Old video game footage falsely shared as 'combat in Ukraine after Russian invasion'

Copyright © AFP 2017-2023. All rights reserved.

A video has been viewed tens of thousands of times across social media platforms alongside a claim it shows missiles over Ukraine after Russian forces invaded on February 24. But the video has been shared in a false context: it shows digitally animated footage from the video game War Thunder that circulated online months before Russia's invasion of Ukraine.

"OMG, Ukraine at this moment, so terrible, we want no war but peace," reads this February 24, 2022 Weibo post in simplified Chinese-language.

The video in the post has been viewed more than 15,000 times.

It appears to show missiles fired into the sky.

The sound of an air raid siren can be heard in the background.

Screenshot taken on February 25, 2022 of the Weibo post

The video was also shared alongside a similar claim about Ukraine here and here on Weibo; here on Facebook; here and here on Gettr; and here on here on Douyin, the Chinese version of video-sharing app TikTok.

Russia shelled the Ukrainian city of Kharkiv as it pressed on with its invasion on March 1, defying mounting global pressure.

Russian forces continued to target residential areas in Ukraine after first talks since the war started failed to secure a breakthrough.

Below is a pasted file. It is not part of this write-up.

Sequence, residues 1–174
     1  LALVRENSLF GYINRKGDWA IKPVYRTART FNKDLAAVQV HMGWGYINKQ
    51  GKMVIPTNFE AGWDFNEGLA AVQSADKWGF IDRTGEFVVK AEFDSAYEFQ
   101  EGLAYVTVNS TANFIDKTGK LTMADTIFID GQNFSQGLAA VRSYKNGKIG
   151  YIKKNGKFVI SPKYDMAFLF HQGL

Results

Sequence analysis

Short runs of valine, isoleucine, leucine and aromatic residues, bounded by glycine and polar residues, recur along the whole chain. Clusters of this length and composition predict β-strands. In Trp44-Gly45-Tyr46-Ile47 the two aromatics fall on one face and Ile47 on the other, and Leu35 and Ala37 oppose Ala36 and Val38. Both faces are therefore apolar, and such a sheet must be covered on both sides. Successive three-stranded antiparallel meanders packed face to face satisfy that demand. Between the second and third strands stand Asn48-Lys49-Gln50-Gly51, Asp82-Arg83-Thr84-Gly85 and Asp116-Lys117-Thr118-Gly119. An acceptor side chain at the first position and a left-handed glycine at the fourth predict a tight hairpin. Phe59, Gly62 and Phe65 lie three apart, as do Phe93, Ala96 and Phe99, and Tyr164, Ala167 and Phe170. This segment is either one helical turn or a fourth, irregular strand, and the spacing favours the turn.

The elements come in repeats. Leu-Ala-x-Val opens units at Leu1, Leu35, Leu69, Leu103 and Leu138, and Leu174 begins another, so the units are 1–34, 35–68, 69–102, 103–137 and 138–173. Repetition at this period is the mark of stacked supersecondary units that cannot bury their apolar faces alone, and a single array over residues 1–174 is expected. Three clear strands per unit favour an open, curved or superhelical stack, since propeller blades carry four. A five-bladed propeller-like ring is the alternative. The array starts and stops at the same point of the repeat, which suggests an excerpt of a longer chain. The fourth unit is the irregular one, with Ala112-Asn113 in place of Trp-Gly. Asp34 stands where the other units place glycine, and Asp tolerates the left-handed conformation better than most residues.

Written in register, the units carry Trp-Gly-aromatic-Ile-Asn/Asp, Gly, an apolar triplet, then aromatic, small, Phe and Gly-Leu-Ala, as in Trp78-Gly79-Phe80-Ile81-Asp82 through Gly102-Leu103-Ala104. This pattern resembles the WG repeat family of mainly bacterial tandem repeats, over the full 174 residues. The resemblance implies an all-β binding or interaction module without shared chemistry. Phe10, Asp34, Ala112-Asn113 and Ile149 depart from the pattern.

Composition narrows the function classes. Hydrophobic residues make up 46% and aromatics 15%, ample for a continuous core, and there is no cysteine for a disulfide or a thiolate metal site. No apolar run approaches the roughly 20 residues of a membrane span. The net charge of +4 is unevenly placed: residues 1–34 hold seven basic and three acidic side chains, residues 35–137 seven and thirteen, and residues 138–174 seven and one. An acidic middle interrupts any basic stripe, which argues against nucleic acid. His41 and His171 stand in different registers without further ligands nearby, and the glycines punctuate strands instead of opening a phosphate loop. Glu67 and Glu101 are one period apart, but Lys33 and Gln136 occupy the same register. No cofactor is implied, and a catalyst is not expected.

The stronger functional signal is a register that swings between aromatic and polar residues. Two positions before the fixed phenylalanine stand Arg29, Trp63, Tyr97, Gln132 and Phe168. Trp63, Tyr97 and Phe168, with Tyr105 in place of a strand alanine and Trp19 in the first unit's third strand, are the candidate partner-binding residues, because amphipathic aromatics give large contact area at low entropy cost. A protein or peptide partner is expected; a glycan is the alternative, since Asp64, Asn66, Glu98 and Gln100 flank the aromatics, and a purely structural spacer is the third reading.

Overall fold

More than 350 civilians, including 14 children, have been killed during the invasion, Ukraine says, while more than half a million people have fled the country.

AFP reported on the developments here.

Some online users appeared to believe the video shows real combat.

"Ukrainians must be shivering at home at the moment," one commented.

"Why does Russia and Ukraine have to fight like that," another said.

However, the video predates the 2022 conflict in Ukraine.

Keyword searches found a longer version of the same video published by a YouTube user called Pandramodo on December 15, 2021.

The YouTube video is titled, "The Iron Dome in War Thunder #shorts".

Below is a screenshot comparison of the video shared in the false posts (L) and the video uploaded by Pandramodo (R):

Screenshot comparison

Contacted by AFP, the YouTube user Pandramodo said that the video "has nothing to do with" the recent conflict in Ukraine.

He said it shows digital animation he created using footage from the video game called War Thunder.

"The 'missiles', as you saw, are done in a 3D rendering program. The scenery was taken from the game itself," he told AFP.

"The siren [heard in the background] is the one that usually sounds in Israeli cities in the event of an attack."

Pandramodo later posted this video on February 25 on his YouTube channel, which shows a CGI breakdown for the footage shared in the false posts.

March 3, 2022 Updated last line to reflect local time in Peru where the YouTube channel is based
Ukraine-Russia conflict